For non-New Yorkers, The “I.R.T.” in the film’s title refers to the Interborough Rapid Transit Company’s Lexington Avenue Line of the New York City Subway system.
Written, produced, and directed by Harris, the film follows Chantel Mitchell (played by Ariyan A. Johnson) a teenage girl coping with life in a poor Brooklyn, New York neighborhood, sustained by her intense desire to become successful by going to college, eventually becoming a doctor, and leaving the environment in which she lives. Chantel is incredibly smart, although her occasional naivete and sharp tongue (leading to clashes even with those who can help her) undermine her efforts.
Throughout the film, Chantel, who lives with her struggling working class parents and her two younger brothers, breaks the fourth wall, speaking directly to the audience, sharing her desires and fears. To assist her family, she’s given the responsibility of taking care of her brothers, while also working a part-time job at a local grocery store (while going to school full-time). Despite the challenges, she still earns mostly As and Bs in school, as she’s determined to go to college. Her dreams are tested when she becomes pregnant by her boyfriend Tyrone (Kevin Thigpen).
The film was shot entirely in New York City in just 17 days, with a budget of only $100,000.
It premiered at the Toronto International Film Festival in the fall of 1992, and would be picked up and released by Miramax Films (which was run by the Weinstein Brothers at the time) on March 19, 1993. It received mixed reviews at the time of its release. Those who appreciated it, praised its grit and rawness – especially the frank discussions teen characters have about sex and socio-economic realities – as well as its star, Ariyan A. Johnson’s vivid performance; they also applauded the rare film that put its spotlight on girls like Chantel who are/were too often just bystanders in other movies of its ilk (remember these were the early 1990s in film history which have been reductively labeled the “hood movie” period, following the success of John Singleton’s feature debut, “Boyz n the Hood” which seemingly led to studio executives scrambling for films telling similar stories). Meanwhile, those who didn’t care for the film called it crude and rough around the edges (although, around that time, for films with its budget, you’d expect some of that; this was all before digital video); others didn’t believe the story and characters as written were convincing enough, although well-intentioned.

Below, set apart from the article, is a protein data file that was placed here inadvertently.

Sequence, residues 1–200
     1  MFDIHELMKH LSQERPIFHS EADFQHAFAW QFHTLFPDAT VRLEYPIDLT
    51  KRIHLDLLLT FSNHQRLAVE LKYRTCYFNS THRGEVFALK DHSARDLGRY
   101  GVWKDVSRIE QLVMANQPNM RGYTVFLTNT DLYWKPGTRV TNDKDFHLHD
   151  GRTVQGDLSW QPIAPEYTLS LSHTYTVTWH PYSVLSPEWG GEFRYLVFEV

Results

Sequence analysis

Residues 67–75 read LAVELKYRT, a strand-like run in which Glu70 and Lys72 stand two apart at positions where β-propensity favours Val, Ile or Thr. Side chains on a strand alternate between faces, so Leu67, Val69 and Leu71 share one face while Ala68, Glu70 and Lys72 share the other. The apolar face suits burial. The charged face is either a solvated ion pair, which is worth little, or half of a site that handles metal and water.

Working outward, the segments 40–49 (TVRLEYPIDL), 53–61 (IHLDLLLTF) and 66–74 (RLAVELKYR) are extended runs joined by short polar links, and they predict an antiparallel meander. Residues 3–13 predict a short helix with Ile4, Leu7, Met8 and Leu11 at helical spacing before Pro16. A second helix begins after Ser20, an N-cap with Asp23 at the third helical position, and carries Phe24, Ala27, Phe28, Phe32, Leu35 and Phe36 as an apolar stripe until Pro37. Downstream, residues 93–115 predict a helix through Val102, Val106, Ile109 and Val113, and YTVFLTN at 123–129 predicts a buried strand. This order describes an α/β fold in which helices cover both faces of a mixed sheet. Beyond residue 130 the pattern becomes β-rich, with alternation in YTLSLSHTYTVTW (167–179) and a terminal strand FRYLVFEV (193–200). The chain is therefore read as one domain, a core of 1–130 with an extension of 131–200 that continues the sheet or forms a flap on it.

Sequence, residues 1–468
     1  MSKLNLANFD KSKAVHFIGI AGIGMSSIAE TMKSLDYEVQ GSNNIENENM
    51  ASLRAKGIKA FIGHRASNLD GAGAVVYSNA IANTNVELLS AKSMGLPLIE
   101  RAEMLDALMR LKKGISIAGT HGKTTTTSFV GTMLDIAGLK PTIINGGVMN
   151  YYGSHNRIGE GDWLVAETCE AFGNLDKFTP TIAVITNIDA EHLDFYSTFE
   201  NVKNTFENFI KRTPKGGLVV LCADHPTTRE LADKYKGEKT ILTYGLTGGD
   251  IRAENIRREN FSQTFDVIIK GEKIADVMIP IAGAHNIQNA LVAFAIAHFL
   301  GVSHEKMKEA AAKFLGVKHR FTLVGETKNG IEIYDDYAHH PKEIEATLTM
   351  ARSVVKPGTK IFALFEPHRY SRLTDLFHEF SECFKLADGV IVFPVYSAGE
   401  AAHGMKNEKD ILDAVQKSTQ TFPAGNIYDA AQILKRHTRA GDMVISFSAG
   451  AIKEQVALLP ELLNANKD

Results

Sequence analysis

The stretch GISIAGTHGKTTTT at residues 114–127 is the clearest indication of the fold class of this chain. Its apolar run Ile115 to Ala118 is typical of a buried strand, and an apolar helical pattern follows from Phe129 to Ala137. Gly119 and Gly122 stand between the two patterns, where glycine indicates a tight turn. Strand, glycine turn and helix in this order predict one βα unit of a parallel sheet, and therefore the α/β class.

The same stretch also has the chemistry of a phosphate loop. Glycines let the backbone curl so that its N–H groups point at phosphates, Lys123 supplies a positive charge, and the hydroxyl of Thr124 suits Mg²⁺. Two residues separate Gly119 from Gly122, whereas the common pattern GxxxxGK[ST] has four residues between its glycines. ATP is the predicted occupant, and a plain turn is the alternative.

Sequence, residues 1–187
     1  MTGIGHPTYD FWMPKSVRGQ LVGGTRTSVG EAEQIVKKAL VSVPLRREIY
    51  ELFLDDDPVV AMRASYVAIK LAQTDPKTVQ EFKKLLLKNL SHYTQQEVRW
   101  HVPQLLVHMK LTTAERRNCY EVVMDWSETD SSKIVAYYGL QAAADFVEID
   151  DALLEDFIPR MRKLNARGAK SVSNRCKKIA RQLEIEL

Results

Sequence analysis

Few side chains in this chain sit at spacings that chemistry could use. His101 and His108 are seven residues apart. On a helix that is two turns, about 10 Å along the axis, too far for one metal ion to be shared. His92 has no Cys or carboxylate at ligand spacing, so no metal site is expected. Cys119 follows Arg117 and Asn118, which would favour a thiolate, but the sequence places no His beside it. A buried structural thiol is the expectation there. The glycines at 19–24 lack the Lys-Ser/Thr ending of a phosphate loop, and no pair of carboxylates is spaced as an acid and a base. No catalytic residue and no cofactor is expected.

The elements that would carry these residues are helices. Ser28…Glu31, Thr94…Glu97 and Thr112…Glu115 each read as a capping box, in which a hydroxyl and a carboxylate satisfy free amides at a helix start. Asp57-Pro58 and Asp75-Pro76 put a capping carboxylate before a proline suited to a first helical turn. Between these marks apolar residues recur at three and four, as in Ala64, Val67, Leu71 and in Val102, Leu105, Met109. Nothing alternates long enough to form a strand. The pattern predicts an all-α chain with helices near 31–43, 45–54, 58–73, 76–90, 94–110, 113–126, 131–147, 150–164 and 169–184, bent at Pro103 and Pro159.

But it’s worth noting that, at the time, it was extremely rare for an African American woman filmmaker to see her feature film financed, picked up and distributed in theaters by a mini-major like Miramax (albeit in a limited release). So Harris was in very rare air, coming after Julie Dash’s “Daughters of the Dust” 2 years earlier, and she arguably doesn’t get the kind of recognition she deserves.
And while we can certainly say that there have been advancements since them, working black women filmmakers with films in theaters, are still very rare, as are coming of age stories about black girls, regardless of socio-economic class.
“Just Another Girl On The I.R.T.” is available on various home video platforms, including DVD (although it’s not streaming on Netflix at this time).
Below you’ll find a 2013 panel discussion with director Leslie Harris, star of the film Ariyan Johnson, moderated by Uptown Magazine’s Angela Bronner Helm; the film was celebrating its 20th anniversary that year, and a screening of it was held at the 92Y Tribeca in NYC, which was followed by the below conversation, in which they of course discuss the film, and more.
The discussion is split up into 2 parts for a total of about 35 minutes: